Race and Culture in Psychoanalysis: the African American Experience

January 5, 2016
Panelists: Dionne Powell, MD and Anton Hart, MD

Since the early 20th century, African Americans have pursued psychodynamic and psychoanalytic training, treatment and application despite tremendous obstacles. We will explore pertinent aspects of that history as relevant to psychoanalysis. Slavery, Jim Crow, explicit and implicit racism continue to affect all Americans as the current racial climate has seen an explosion of injustices toward African-American people, exemplified by Trayvon Martin, Eric Garner, The Emanuel AME Church in Charleston SC, Sandra Bland, James Blake, Tamir Rice, Lacquin McDonald and others. The analytic community has been been relatively silent about these events in our writings, on the couch, in our supervisions, and in the classroom. The body of psychoanalytic candidates and faculty fails to represent our nation’s diversity. Moreover, given that inquiries about race as issues emerge in society and in our consulting rooms are valuable openings for understanding and insight regardless of racial pairing, this is a lost clinical opportunity. Tonight we explore our collective silence and consider the factors that make addressing these issues so difficult for psychoanalysts. The panelists will share their ideas about both the individual and societal conflicts and anxieties that result in our avoidance of discussing race and diversity.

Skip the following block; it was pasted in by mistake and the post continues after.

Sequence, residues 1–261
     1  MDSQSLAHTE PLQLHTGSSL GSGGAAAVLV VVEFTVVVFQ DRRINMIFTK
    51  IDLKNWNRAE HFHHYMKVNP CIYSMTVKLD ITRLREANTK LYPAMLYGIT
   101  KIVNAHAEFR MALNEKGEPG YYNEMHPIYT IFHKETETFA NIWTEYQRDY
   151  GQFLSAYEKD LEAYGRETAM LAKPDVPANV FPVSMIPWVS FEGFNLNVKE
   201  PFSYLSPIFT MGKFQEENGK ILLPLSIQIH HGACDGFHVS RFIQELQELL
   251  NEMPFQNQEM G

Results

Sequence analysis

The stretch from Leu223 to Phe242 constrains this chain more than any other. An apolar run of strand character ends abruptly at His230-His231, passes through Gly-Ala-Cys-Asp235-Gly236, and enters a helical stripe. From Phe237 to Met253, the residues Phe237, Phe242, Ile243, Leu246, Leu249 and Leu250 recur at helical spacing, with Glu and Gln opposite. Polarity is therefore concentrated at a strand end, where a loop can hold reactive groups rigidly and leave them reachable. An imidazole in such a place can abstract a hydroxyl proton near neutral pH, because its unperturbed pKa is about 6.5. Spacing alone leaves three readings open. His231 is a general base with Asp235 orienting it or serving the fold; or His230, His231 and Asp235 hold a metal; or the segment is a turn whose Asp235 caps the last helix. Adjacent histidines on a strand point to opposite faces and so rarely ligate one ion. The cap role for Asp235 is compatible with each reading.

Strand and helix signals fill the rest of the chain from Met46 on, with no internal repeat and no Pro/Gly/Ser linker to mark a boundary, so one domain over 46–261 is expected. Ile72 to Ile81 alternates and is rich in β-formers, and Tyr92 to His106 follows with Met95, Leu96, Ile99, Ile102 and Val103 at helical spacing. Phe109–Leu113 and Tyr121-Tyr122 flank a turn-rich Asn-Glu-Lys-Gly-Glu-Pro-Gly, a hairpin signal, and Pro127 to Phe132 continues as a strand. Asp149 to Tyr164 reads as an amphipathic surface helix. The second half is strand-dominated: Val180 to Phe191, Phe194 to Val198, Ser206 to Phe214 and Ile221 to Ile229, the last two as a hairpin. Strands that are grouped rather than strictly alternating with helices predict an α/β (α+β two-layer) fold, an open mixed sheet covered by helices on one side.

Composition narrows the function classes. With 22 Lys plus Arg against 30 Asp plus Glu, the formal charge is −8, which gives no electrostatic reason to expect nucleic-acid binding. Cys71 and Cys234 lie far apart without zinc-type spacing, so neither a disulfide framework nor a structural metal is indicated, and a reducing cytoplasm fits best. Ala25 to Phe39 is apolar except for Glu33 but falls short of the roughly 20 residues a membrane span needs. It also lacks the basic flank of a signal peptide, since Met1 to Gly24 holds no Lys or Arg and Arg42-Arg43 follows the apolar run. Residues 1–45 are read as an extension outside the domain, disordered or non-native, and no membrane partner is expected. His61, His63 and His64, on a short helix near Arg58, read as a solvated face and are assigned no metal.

Clinical examples along with video excerpts from the film “Black Psychoanalysts Speak” will be presented. And (with special permission) we have a rare opportunity to view excerpts from a videotaped conversation between Drs. Ellis Toney and Ralph Greenson, circa 1976. (Ellis Toney, MD a graduate of the Los Angeles Psychoanalytic Society and Institute, was in analysis with Greenson from 1948-1954. He is one of the earliest black psychoanalysts). We will take this material as our point of departure in initiating long overdue dialogue about matters of race and discrimination in psychoanalysis and in broader society.

Dionne Powell, MD is a Training and Supervising Psychoanalyst at the Columbia Center for Psychoanalytic Training and Research. Most recent contributions include: The African American Experience: Psychoanalytic Perspectives, edited by Salman Akhtar, 2012 Aronson Press. Contributor, book chapter: Psychoanalysis and African Americans: Past, Present and Future. Presenter, Presidential Symposium Diversity, January 2015, meetings of the American Psychoanalytic Association, New York, NY.

Anton H. Hart, PhD is a Fellow, Training and Supervising Analyst and on the faculty of the William Alanson White Institute. He was associate co-producer for the film, Black Psychoanalysts Speak, (available for streaming on PEP Web) in which he also appears.

Learning Objectives: After the meeting, the participant will

  • increase their understanding of our own and societal resistances to discussing race in and out of the therapeutic situation.
  • increase their comfort with and curiosity in exploring these issues with their patients, peers and society at large.